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Energy for the Future – technology in brief

Geneva, Mar 02, 2005 Is hydrogen an “energy source” or an “energy medium”? What is a turbocharger, and what is an intercooler? The vocabulary of sustainable mobility is complex and often complicated. You will find the most important technical terms relating to DaimlerChrysler’s initiative “Energy for the Future” briefly explained in our compact “mobility navigator”.

BTL (biomass to liquid): Synthetic fuels, for the production of which any type of biomass can be used.

Carbon-dioxide neutrality: Plants derive CO2 from the air during growth. In the combustion of BTL, no additional CO2 from fossil sources is released. The atmospheric CO2 balance remains neutral, and the cycle is closed.

Charge air cooling: DaimlerChrysler’s state-of-the-art CDI engines are fitted as standard with a charge air cooler (intercooler), which enhances the charging effect. This unit cools the pressurized air from the compressor. The principle: since cold air is denser than hot air, a greater quantity can enter the inlet valves over a given time interval. The cooling effect is provided by the air stream and the engine’s coolant fluid.

Cold-starting fuel cell: The fuel cell’s inadequate ability to start at sub-zero temperatures was long seen as the greatest obstacle facing market introduction of this technology: when the fuel cell froze, the sensitive electrodes were damaged and the gas supply to the fuel cell stacks was also cut, so that the generation of electricity was immediately prevented. DaimlerChrysler achieved the breakthrough in 2004: the use of new materials and strategic modifications to the electrode structure prevent water from freezing as soon as it is formed in the synthesis of hydrogen and oxygen. DaimlerChrysler’s fuel cell vehicles will therefore be able to start at temperatures as low as –20 °C (–4 °F) in future.

Energy medium: Energy media include for example coal, natural gas and petroleum. Hydrogen is also an energy medium; it occurs in nature above all in bonded form as water and therefore must be generated. In terms of overall energy balance, the use of hydrogen only makes sense if it is derived by regenerative means. Such methods include hydrogen production by electrolysis with power generated from hydroelectric, wind or geothermal power plants, and the derivation of hydrogen from biomass.

F-Cell: Successor to the NECAR vehicles based on the Mercedes-Benz A-Class. Sixty of these cars are currently undergoing fleet tests with customers. The experience gained in these tests flows directly into the development of DaimlerChrysler’s future fuel cell vehicles.

Fuel cell: Power unit in which hydrogen and oxygen are subjected to a controlled reaction to produce water; this reaction also generates heat and electrical energy. GTL (gas to liquid): Synthetic liquid fuels derived from natural gas. GTL diesel fuel contains neither sulfur nor aromatic hydrocarbons.

Homogenous combustion: Especially in the diesel engine, the very even distribution of fuel and air in the combustion chamber gives rise to an even temperature distribution, which prevents oxides of nitrogen and soot particles from arising. DaimlerChrysler’s researchers achieve a homogenous fuel-air mixture through fine adjustment of the fuel injection and of the air stream within the cylinder.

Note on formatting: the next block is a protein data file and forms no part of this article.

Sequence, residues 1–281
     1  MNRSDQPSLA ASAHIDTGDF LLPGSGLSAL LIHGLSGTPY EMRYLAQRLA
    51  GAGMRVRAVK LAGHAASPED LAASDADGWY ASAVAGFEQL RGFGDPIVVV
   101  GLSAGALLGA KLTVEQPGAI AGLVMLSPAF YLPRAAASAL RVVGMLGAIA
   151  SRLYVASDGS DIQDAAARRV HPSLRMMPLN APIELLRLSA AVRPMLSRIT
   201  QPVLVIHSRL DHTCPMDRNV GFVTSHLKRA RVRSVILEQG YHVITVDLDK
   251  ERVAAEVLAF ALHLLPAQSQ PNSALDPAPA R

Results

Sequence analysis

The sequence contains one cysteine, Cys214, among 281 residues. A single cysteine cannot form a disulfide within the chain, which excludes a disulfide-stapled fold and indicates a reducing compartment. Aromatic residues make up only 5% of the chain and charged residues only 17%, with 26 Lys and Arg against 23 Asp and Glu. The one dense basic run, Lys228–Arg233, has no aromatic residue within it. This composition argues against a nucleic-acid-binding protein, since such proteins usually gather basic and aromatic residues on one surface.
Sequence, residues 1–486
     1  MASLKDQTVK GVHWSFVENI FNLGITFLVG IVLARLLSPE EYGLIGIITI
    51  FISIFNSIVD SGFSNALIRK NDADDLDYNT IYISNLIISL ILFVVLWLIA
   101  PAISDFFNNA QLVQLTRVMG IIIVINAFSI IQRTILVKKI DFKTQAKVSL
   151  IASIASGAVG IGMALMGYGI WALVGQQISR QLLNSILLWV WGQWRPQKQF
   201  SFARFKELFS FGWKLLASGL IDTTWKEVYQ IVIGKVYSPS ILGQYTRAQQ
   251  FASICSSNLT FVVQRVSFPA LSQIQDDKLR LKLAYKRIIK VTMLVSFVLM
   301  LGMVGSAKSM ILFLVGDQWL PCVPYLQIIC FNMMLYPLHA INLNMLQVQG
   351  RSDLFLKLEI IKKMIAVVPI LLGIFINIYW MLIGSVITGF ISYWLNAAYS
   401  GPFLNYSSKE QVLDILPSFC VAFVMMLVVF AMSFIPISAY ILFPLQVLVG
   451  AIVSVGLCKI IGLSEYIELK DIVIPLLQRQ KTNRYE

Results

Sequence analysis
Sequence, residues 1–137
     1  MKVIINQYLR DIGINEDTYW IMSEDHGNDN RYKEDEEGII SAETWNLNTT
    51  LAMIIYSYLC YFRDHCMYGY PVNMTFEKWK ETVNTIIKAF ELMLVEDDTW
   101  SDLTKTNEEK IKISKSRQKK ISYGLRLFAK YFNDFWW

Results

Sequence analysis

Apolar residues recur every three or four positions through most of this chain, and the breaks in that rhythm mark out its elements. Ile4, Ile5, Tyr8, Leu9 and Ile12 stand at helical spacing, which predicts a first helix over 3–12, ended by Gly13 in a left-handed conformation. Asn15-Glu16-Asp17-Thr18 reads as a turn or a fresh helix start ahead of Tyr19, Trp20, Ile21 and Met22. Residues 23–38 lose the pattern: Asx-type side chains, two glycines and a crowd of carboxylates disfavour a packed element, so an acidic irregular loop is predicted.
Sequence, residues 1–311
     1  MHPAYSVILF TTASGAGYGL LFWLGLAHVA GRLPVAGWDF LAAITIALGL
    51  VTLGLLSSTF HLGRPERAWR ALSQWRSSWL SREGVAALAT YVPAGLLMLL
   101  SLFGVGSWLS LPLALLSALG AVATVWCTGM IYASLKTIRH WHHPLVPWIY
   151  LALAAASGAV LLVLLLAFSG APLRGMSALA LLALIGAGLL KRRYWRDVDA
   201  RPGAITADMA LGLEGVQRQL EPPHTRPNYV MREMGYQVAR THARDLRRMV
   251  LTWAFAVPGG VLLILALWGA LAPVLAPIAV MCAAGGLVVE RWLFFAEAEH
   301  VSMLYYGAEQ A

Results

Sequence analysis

Hybrid: The combination of two or more independent drive units (e.g. internal combustion engine and electric motor) is referred to as hybrid drive. By using the electric motor as a generator, energy can be recovered during the vehicle’s braking and deceleration phases and temporarily stored in the battery. Especially in city traffic with frequent stops and starts, this can bring about considerable savings in fuel consumption.

Hydrogen: Energy medium for fuel cell vehicles. Can be generated on a largely CO2-neutral basis from renewable energy sources.

Injectors: Powerful valves, actuated to regulate the injection timing and fuel quantity for each individual combustion chamber as required. In modern engines from DaimlerChrysler, the injection valves are controlled by special actuators (piezo crystals). When a current flows, the piezo element expands and triggers an injection of fuel. Thanks to the rapid reaction of the piezo elements, a large number of highly precise injections can be realized within a very short time interval. This enhances mixture formation and helps reduce emissions.

Renewable energy: Regenerative energy sources from wind, hydroelectric, geothermic or solar heat power stations, solar cells and biomass.

SunDiesel: DaimlerChrysler and VW’s designation of synthetic fuels produced from biomass in a specialized process. These fuels are chemically highly pure and thus give rise to only a minimum of noxious exhaust on combustion. They are also largely CO2-neutral, since the same amount of carbon dioxide released on combustion was derived from the air by the plants during growth.

Turbocharging: A method of enhancing the performance of internal combustion engines. An auxiliary aggregate (e.g. compressor, turbocharger) compresses the air required for combustion, so that the engine is supplied with a greater mass of air. At the same tine, the mass of fuel supplied to the engine can also be increased; this results in increased torque and power output. Engines with a smaller displacement can thus by used with no loss in performance, thereby reducing fuel consumption.